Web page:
Cumloden oak - a verern multistem oak in a historic wood pasture setting at Cumloden estate near Newton Stewart. This oak seems to be growing on an ancient field clearance cairn.
Photo: © Peter Quelch
What is ancient wood pasture? box3.21
Ancient wood pasture consists of scattered trees in a grassland or heathland setting. It is a habitat fashioned by generations of rural people grazing livestock and maintaining trees on the same site. The grazing needed to be just right; light enough to allow trees to grow (and occasionally to regenerate), but sufficient to prevent a woodland forming and shading out the pasture. Where this was achieved over a long period of time, a unique habitat developed, which today harbours many rare and important species.
The term 'ancient wood pasture' includes the parklands and designed landscapes of some big estates, the vestiges of royal and noble hunting forests and a range of smaller sites, which perhaps survived through the vagaries of chance and circumstance. The latter are perhaps some of the most 'natural' areas of landscape left, a direct progression from the post-glacial 'wildwood'.
Why is it important?
The trees are a key feature. They are often very old, sometimes very big and may have been cut back (pollarded) in the past. These veteran trees can be centuries old and host long-established communities of fungi, lichens and specialist insects. They are also home to birds, bats and other wildlife. Having trees like this, surrounded by nectar-filled wild flowers and open semi-natural grassland, creates a special wildlife habitat and a classic landscape.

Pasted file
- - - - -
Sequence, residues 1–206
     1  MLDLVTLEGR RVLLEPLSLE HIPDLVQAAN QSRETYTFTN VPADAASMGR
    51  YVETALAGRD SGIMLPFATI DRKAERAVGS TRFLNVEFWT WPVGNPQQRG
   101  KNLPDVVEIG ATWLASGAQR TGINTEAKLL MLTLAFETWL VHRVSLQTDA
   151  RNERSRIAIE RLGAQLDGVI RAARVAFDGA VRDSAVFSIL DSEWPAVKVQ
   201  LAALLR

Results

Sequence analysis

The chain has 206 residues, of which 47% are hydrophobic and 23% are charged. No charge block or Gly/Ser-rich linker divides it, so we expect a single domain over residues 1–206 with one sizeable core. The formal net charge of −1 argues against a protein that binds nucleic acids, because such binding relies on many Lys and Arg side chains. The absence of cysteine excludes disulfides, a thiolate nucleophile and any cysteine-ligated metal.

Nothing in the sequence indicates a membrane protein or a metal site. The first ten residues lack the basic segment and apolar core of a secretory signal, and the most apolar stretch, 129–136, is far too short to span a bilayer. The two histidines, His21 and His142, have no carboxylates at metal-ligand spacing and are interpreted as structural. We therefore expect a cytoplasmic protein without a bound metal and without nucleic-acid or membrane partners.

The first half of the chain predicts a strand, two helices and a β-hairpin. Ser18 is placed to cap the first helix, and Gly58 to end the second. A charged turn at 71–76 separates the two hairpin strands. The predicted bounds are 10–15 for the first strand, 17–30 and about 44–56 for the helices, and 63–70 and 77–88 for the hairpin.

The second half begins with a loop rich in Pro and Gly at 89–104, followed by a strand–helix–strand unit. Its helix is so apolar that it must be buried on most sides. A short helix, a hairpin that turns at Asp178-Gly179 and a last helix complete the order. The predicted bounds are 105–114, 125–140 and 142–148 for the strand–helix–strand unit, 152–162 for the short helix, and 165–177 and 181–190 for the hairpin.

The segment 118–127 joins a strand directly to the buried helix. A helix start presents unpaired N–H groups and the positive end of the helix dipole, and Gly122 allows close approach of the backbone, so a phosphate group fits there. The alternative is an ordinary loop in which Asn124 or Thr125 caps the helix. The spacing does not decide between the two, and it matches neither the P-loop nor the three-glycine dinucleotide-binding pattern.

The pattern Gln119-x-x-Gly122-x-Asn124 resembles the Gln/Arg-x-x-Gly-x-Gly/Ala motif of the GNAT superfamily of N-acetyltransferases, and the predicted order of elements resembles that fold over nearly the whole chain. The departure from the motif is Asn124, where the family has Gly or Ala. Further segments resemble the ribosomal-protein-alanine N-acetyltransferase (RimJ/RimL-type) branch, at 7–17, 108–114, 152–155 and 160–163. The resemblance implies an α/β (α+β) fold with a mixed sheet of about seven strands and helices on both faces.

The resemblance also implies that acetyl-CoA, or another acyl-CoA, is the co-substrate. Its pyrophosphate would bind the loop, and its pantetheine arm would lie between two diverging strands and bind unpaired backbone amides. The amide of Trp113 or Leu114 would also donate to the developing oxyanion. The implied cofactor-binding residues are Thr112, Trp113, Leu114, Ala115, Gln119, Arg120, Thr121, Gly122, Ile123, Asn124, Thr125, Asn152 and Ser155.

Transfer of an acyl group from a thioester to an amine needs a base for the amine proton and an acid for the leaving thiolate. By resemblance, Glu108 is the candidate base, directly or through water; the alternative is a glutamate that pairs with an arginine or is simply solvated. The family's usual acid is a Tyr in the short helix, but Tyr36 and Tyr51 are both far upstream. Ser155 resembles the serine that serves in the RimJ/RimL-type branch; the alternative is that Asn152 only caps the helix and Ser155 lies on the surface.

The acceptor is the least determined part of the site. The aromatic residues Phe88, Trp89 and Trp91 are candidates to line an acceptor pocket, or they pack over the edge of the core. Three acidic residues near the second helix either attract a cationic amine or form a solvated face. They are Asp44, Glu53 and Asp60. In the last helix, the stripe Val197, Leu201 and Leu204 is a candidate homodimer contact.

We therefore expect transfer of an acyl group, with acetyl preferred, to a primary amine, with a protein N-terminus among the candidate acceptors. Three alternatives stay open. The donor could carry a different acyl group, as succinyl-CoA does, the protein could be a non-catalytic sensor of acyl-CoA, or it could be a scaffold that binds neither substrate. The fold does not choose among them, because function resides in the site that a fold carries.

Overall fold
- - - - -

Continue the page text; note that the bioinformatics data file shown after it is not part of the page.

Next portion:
Remnants of this landscape have survived throughout Scotland, although the extensive rural practices which created and maintained it have died out. The wood pasture that remains provides evidence from past centuries of the traditional stewardship and careful husbandry that formed this great Scottish landscape.
The simplest identifying feature of wood pasture is the presence of veteran trees.
What is a veteran tree?
When you begin to look, you can find veteran trees throughout Scotland; in churchyards, gardens, ancient woodlands, field boundaries and in the remaining areas of parkland and wood-pasture. It is difficult to define precisely what constitutes a veteran tree, but the general characteristics are easily appreciated.
There are many older veteran trees around that have been standing for hundreds of years, a few that can mark a millennium and the odd example such as the Fortingall yew, which easily predates Christianity. Old, however, can be a relative term. Willows or birches start getting old when they are sixty or seventy; a 200-year-old oak will be only reaching its prime.
Technically, a tree becomes 'veteran' when the actual volume of new wood created each year starts to decrease. This is associated with a reduction of the canopy, the death and loss of branches and the advance of decay fungi which hollow out the heartwood and the broken stumps of branches. This period of 'retrenchment' may last for decades or even centuries while the tree decays and maintains a sparse living crown. Trees such as these characteristically feature the "deadwood" habitats that are so important for the range of epiphytic and saproxylic plants, invertebrates and mammals associated with big old trees.